November 7, 2019 — Although the Abbott Absorb fully bioresorbable drug-eluting stent (DES) was taken off the market due to poor sales and questions on outcomes in coronary vessels compared to conventional metallic DES, it performed very well in peripheral vessels below the knee (BTK) in the ABSORB BTK Trial. The results were presented as a late-breaking trial at the 2019 Vascular Interventional Advances (VIVA) annual meeting.
This novel bioresorbable, drug-eluting scaffold has several inherent advantages over stents, related to its biological resorption. These results represent best-in-class durability for a stent-like device in this challenging vascular territory, said Ramon L. Varcoe, MBBS, MS, Ph.D., a vascular surgeon at Sydney’s Prince of Wales, who presented data at VIVA. The trial was ended early after Abbott pulled the stent from the market, but enrolled patients continued to be tracked.
The ABSORB BTK trial is a prospective, nonrandomized, single-center study designed to evaluate a novel bioresorbable, drug-eluting scaffold used for the treatment of peripheral artery disease (PAD) below the knee. There were 71 scaffolds utilized in 55 limbs of 48 patients who fulfilled the inclusion criteria (72.7% with critical limb ischemia). Most scaffolds were implanted in arteries of the proximal half of the calf, and the mean lesion length was 20.1 mm (range, 5-50 mm). There was 100% procedural and technical success.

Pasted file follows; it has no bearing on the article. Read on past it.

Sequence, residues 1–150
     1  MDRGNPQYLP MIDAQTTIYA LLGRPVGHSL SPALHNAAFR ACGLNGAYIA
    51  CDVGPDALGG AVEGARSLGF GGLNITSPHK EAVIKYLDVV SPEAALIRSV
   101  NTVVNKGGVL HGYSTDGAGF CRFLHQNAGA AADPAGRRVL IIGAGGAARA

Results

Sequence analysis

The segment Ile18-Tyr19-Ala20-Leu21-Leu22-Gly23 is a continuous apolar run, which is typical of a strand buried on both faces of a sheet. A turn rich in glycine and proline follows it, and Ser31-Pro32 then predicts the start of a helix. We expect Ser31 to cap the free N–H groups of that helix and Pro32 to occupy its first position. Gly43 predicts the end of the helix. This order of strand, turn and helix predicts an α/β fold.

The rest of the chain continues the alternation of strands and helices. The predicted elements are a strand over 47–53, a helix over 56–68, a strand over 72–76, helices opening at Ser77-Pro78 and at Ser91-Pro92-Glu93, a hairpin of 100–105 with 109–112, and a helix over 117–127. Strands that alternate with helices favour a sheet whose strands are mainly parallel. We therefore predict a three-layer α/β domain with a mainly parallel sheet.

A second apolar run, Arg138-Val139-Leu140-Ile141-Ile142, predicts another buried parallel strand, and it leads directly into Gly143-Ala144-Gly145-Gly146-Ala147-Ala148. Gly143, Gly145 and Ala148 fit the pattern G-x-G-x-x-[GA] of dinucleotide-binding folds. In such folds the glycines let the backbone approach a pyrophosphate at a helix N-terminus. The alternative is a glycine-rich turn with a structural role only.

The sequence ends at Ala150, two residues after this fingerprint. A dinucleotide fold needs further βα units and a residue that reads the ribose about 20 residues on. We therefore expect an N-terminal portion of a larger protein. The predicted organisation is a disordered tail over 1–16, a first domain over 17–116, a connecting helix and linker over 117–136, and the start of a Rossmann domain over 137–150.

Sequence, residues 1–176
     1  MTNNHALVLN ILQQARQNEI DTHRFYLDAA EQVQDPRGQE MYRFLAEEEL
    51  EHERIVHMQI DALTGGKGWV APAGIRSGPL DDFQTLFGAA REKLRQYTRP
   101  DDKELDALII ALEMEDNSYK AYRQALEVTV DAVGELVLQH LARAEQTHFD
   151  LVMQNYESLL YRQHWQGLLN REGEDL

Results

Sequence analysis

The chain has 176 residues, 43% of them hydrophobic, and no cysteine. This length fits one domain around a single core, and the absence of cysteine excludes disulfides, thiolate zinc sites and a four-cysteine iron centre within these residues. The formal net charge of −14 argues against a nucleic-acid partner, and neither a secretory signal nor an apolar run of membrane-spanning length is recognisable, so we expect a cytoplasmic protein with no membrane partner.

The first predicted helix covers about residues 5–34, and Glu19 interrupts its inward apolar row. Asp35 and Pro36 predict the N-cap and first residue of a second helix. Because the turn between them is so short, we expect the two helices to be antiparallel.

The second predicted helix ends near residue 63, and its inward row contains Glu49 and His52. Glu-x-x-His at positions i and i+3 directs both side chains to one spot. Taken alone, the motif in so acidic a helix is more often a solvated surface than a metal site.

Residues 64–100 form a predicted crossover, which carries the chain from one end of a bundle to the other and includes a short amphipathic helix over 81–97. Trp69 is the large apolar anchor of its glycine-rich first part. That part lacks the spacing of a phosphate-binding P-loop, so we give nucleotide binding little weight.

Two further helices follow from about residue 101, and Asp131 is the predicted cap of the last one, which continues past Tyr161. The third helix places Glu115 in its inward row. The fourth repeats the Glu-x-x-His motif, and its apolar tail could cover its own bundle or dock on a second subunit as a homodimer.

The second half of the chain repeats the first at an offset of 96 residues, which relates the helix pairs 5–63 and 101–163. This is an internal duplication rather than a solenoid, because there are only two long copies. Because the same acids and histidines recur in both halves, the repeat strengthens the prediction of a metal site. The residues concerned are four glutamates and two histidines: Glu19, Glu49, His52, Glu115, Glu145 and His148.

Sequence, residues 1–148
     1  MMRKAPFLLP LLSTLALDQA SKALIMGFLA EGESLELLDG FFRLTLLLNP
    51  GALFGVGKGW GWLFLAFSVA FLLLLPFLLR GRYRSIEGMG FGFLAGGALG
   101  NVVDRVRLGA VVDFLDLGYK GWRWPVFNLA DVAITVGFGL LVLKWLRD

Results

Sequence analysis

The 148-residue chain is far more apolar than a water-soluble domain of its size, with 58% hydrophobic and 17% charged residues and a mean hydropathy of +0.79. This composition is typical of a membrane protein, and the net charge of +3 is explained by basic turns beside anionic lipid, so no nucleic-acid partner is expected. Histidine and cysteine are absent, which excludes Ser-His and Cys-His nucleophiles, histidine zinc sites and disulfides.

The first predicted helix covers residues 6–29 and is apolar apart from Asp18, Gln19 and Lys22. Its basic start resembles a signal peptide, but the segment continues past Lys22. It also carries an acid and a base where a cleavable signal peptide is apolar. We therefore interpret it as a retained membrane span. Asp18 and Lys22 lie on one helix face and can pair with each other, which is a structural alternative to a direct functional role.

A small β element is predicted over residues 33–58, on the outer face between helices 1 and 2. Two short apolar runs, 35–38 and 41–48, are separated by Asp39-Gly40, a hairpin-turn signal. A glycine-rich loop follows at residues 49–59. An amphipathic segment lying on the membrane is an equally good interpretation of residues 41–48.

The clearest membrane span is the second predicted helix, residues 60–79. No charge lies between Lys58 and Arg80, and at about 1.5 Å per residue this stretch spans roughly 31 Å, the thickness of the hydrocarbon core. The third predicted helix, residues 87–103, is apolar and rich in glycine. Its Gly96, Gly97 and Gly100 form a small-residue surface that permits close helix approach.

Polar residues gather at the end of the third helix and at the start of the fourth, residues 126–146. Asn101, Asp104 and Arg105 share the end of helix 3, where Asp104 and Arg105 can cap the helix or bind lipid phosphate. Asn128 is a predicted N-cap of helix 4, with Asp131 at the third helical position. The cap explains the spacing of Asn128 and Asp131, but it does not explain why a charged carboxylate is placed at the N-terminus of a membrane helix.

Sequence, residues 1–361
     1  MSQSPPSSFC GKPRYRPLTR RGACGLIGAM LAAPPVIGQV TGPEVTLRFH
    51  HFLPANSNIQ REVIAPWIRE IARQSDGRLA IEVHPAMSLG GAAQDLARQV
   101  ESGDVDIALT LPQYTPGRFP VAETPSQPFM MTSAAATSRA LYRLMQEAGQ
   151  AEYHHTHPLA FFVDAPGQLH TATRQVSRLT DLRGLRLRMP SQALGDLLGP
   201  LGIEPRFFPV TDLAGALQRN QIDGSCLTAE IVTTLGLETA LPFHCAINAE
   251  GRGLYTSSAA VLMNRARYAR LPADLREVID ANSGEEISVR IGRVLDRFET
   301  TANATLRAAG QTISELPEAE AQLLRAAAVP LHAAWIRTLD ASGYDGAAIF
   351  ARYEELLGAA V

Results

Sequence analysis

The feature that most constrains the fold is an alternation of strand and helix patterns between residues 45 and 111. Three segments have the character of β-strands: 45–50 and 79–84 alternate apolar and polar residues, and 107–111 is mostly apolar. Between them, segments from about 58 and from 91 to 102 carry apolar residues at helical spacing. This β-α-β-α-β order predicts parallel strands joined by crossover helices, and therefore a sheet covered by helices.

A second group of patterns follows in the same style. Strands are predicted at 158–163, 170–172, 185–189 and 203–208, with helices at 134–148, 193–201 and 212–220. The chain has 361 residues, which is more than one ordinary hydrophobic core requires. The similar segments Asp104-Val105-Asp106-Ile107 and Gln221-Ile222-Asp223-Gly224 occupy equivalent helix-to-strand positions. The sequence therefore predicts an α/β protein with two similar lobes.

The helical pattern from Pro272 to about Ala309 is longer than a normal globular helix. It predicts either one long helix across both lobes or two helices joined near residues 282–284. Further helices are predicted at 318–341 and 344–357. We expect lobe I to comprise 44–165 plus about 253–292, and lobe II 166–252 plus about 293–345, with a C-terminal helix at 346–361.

Over the five-year follow-up period, 38% of patients had died, all from causes unrelated to the procedure or study device; 95% of patients had sustained clinical improvement. Complete wound healing occurred in 90% of those treated for tissue loss, with no major amputations and a limb salvage rate of 100%. Primary patency (defined as freedom from peak systolic velocity ratio > 2 or target vessel occlusion) and freedom from clinically driven target lesion revascularization rates were estimated at 89.2%/80.3%/72.9% and 97.2%/90.7%/90.7% at 12, 36, and 60 months, respectively, using the Kaplan-Meier method. No late or very late scaffold thromboses were observed.
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Current State of Bioresorbable Stent Technology (Update article from January 2018)
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